In order to work as a professor, you’ll most likely need a PhD. Professors are hired to do research in addition to teaching classes, and a PhD program often prepares graduates for both. So if you’re interested in teaching at the collegiate level, earning a PhD will improve your changes greatly of landing the career your want.

According to The Bureau of Labor Statistics (BLS), professors are organized into departments based on the subject matter of their specialty, and often teach one or more courses within that department. Professors supervise graduate students, publish original research, and serve on academic and administrative committees. Other responsibilities typically include:

  • Develop an instructional plan that meets college and department standards
  • Plan lessons and assignments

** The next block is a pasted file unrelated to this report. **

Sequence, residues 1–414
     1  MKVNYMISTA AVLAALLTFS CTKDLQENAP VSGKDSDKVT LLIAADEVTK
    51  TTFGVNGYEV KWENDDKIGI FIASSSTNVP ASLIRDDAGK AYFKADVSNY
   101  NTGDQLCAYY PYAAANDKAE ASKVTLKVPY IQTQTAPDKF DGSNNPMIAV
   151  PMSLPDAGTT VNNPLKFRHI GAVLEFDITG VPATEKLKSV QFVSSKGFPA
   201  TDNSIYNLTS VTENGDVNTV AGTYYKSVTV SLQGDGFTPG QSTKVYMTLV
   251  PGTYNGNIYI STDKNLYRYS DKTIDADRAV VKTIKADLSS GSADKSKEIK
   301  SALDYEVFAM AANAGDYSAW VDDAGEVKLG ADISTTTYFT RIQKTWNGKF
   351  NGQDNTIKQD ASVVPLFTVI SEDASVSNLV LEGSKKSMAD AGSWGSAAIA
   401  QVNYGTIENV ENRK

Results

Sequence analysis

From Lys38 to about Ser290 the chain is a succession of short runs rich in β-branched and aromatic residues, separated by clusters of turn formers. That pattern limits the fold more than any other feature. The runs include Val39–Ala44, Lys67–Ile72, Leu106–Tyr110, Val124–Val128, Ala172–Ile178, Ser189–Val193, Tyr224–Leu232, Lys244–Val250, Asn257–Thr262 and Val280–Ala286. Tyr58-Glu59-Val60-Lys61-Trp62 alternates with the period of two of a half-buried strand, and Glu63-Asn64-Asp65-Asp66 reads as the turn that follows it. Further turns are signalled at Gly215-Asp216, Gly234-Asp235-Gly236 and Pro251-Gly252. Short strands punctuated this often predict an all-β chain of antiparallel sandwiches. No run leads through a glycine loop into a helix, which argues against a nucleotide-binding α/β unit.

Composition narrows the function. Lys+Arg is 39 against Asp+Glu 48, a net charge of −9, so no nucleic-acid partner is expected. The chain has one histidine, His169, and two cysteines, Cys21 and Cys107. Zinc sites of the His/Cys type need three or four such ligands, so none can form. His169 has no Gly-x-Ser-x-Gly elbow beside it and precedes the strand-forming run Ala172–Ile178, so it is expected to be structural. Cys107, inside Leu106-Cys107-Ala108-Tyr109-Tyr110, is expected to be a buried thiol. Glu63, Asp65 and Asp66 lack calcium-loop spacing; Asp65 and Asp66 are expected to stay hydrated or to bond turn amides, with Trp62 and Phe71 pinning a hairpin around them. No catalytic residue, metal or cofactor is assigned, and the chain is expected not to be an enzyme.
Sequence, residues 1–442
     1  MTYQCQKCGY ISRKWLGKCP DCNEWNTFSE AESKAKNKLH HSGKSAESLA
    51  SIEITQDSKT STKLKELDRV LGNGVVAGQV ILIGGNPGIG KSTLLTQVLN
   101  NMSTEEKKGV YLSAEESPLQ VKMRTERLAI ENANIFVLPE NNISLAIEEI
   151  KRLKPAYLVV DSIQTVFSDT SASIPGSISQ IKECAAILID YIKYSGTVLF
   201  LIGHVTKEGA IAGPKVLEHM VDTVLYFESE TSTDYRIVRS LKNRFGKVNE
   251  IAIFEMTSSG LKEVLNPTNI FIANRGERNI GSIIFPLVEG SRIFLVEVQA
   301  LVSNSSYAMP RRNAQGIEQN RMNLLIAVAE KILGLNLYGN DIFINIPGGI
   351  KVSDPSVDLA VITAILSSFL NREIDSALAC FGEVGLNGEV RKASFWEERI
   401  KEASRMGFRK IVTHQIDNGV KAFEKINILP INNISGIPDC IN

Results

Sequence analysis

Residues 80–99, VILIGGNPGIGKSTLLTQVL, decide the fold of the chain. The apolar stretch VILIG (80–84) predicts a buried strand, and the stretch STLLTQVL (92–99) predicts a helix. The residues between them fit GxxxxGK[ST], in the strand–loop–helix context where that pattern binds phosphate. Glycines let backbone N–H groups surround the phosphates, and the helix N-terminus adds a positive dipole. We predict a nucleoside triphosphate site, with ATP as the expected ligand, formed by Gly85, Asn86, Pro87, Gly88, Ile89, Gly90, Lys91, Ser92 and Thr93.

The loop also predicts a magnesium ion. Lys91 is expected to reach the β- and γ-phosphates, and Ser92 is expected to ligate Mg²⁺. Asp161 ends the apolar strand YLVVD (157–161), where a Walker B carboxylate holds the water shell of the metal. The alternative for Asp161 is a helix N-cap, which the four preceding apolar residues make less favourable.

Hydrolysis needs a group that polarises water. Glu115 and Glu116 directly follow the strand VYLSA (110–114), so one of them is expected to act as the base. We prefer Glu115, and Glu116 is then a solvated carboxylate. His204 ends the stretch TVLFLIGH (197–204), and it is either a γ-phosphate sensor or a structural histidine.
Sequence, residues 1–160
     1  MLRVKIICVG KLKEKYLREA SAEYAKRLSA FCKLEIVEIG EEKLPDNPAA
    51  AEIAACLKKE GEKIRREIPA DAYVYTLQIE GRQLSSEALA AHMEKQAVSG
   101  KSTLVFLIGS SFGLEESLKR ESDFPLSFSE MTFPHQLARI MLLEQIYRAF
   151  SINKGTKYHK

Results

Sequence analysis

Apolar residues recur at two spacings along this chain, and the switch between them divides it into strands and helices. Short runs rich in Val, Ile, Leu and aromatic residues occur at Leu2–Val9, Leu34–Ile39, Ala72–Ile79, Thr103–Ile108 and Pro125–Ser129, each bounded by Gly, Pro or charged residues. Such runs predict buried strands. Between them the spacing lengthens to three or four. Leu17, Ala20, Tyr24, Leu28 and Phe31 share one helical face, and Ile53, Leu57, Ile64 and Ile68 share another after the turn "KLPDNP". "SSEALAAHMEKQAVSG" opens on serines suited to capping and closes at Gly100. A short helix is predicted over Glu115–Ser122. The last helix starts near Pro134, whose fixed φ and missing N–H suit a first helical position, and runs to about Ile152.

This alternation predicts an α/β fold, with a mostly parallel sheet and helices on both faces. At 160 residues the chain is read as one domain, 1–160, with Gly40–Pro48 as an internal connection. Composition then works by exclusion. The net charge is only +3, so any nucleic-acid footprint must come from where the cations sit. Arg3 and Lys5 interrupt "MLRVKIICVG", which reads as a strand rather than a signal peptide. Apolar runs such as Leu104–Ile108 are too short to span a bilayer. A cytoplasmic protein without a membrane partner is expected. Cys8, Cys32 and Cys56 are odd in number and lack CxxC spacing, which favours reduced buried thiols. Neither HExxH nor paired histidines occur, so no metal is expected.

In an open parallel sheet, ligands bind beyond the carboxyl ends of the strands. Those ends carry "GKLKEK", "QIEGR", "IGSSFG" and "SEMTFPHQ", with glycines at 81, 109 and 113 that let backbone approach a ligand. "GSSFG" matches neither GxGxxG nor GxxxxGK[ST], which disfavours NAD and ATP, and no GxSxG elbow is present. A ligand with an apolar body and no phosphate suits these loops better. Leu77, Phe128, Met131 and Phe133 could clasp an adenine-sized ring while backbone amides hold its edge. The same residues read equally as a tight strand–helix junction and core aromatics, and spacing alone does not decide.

• Assess students’ progress by grading essay, tests, and other forms of assessment
  • Help students with course selection
  • Stay up-to-date on changes and innovations in your designated field

Job Outlook and Salary

According to the BLS, employment of postsecondary teachers is projected to grow “19 percent from 2012 to 2022, faster than the average for all occupations. Both part-time and full-time postsecondary teachers are included in this projection.”

The median annual wage for postsecondary teachers was $68,970 in May 2012. The starting salary varies depending on the qualification and experience. One of the many perks of working as a professor is the opportunity for tenure, which is (more or less) a guarantee of permanent employment.

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